What is a cleft lip and cleft palate?
A cleft lip creates an opening in the upper lip between the mouth and the nose and a cleft palate occurs when the two sides of a palate do not join together – this leaves an opening in the roof of the mouth. A cleft lip and palate can occur on one or both sides of the mouth. It is possible for a baby to be born with just a cleft lip or a cleft lip and a cleft palate or only a cleft palate.
What causes cleft lip and cleft palate?
An exact cause has not been determined. Clefting is a congenital defect that occurs early in embryonic growth. It is believed that a combination of genetic and environmental factors, such as maternal illness, drugs, interbreeding and malnutrition, may lead to a baby being born with a cleft. Researchers report that a family history of facial clefts is present in approximately 40 percent of all cases.
Can a cleft lip or a cleft palate be prevented?
Methods are being researched to prevent cleft lip and cleft palates. Some research suggests that taking multivitamins that include folic acid before conception and during the first two months of pregnancy may reduce the risk of a baby being born with a cleft.
How often are babies born with a cleft lip or cleft palate?
In the US a cleft lip and/or a cleft palate occurs in about 1 in every 700 births. In developing countries such as Ecuador the rate of clefting is estimated to be as high as 1 in every 350 births. The exact rate varies among different geographic areas and ethnic groups.
Is a cleft lip or a cleft palate strictly a cosmetic deformity?
No, people who suffer from a cleft lip or a cleft palate often have a difficult time eating. In developing nations this often causes issues with proper nutrition. Babies are often malnourished because they find it difficult to nurse. In the US patients work with specialists to help them adapt until their cleft can be repaired. People with clefts often develop dental problems as well as ear disease. It is also common to have problems with proper speech development. To address these issues families in developed nations will often work with a team of specialists that will likely include a pediatrician, dentist, plastic surgeon, otolaryngologist, speech therapist, social worker and a geneticist.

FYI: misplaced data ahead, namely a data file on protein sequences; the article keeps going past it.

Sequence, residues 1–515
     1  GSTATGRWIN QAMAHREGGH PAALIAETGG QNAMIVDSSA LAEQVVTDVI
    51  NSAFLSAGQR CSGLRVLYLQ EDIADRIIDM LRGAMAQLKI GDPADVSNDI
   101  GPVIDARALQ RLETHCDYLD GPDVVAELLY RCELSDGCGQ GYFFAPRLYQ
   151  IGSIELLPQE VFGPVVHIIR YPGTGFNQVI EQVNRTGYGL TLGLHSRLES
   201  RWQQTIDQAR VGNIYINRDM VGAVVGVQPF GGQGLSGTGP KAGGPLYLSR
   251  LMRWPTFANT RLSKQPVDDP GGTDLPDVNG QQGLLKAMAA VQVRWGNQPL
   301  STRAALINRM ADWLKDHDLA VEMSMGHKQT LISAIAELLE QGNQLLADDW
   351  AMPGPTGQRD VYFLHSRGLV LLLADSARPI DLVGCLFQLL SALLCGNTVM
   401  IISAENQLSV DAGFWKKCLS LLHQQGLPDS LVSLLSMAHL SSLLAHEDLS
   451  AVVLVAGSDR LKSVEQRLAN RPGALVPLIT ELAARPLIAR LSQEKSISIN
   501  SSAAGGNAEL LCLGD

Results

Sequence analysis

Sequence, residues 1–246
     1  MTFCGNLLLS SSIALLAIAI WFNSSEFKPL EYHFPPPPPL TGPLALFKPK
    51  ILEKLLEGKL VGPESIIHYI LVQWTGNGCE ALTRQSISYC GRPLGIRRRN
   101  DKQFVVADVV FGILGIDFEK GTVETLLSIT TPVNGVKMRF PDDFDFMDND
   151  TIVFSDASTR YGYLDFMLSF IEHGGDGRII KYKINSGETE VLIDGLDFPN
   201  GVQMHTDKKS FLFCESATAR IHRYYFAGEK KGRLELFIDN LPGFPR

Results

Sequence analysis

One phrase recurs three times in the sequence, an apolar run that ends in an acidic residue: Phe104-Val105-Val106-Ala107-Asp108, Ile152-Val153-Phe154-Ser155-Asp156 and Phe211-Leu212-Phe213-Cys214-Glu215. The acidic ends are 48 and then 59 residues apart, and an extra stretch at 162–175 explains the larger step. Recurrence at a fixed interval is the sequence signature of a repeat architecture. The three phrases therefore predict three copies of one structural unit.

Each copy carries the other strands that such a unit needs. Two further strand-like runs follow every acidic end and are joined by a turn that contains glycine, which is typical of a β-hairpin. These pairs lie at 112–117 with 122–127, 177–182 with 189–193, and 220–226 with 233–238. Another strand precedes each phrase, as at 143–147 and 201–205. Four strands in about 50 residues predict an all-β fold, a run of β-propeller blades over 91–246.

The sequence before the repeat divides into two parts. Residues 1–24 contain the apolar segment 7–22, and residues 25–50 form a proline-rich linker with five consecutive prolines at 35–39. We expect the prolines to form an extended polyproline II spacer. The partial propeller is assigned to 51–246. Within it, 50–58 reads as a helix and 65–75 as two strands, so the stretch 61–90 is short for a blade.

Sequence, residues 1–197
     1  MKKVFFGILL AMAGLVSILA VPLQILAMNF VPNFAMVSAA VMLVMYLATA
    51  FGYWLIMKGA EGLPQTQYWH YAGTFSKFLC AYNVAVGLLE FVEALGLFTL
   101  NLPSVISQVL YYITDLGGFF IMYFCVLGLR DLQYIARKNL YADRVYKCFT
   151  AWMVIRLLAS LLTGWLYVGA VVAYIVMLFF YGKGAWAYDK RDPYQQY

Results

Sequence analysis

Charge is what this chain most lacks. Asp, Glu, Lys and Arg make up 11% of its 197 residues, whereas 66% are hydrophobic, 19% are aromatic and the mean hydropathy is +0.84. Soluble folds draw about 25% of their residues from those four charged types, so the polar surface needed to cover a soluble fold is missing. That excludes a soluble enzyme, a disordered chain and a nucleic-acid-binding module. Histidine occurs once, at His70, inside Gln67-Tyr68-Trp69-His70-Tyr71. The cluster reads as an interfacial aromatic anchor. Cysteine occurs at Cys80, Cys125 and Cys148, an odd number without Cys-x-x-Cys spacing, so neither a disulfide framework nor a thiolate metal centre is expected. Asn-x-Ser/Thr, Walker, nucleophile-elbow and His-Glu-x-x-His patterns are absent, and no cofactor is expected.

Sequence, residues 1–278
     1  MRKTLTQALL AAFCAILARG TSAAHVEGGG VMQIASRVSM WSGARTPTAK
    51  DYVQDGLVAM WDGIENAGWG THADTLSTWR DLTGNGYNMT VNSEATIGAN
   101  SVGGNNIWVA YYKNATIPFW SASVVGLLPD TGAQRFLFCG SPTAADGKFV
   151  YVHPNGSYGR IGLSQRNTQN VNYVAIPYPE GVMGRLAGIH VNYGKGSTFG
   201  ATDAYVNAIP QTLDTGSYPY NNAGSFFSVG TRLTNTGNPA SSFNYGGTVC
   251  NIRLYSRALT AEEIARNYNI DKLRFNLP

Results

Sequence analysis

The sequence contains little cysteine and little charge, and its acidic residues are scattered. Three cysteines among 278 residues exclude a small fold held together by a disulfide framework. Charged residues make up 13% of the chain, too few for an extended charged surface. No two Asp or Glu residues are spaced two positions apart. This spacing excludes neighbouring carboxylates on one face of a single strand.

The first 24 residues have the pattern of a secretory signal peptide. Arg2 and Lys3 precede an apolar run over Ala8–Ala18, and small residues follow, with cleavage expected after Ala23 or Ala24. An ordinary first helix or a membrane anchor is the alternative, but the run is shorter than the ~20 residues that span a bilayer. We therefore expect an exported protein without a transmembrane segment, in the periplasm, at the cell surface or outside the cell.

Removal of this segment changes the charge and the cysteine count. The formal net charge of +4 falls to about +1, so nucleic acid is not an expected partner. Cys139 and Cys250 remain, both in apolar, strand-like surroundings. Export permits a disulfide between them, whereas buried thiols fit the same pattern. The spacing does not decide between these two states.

What can be done to repair a cleft lip or cleft palate?
Thankfully, a lot can be done. Reconstructive surgery provides excellent results. Cleft lip surgery is usually performed when a baby is 3-4 months old. Cleft lip often only requires one reconstructive surgery, especially in the case of a unilateral cleft lip. Bilateral cleft lips are usually repaired with two surgeries. Cleft palate can require several surgeries over the course of the child’s first 18 years. The first surgery usually occurs when the baby is between 6 and 12 months old. This surgery involves palatal lengthening and drawing tissue from the side of the mouth to rebuild the palate. The necessity for more surgery will depend upon the severity of the cleft.
Accomplishment: A volunteer medical team led by Rubinstein is one of 15 national recipients of Kaiser Permanente's 2011 David Lawrence Community Service Award.
Details: Rubinstein, chief for pediatric otolaryngology-head and neck surgery at Kaiser Permanente Roseville Medical Center, is the founder of Faces of Tomorrow, a Davis-based nonprofit organization that provides free surgeries to children and adults with facial deformities inEcuador and the Philippines.
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17 year old Marvin Contiri came to our screening clinic in 2011 to have his bilateral cleft lip and cleft palate repaired and unfortunately we had to turn him away. He learned about the mission late and by the time he arrived our schedule was jam packed and we could not take any more patients. He returned in 2012 and this was his year.Read More: Marvin Contiri
During our 2011 mission to the Philippines we met 19 year old Aireen. Aireen has a severe cleft lip and palate. She also suffers from various neurological deficits leaving her severely delayed. She came to us with many family members as supporters. Our doctors examined her and as a team decided it would not be safe to operate on her because of unknown health risks.Read More: Aireen - A Promise Kept
11 year old Patrick "Captain America" touched the heart of every member of our team. He arrived at our clinic wearing a Captain America t-shirt and to our surprise speaking freely in English to our team. It was really special being able to communicate with him directly.Read More: Kyle Patrick - Captain America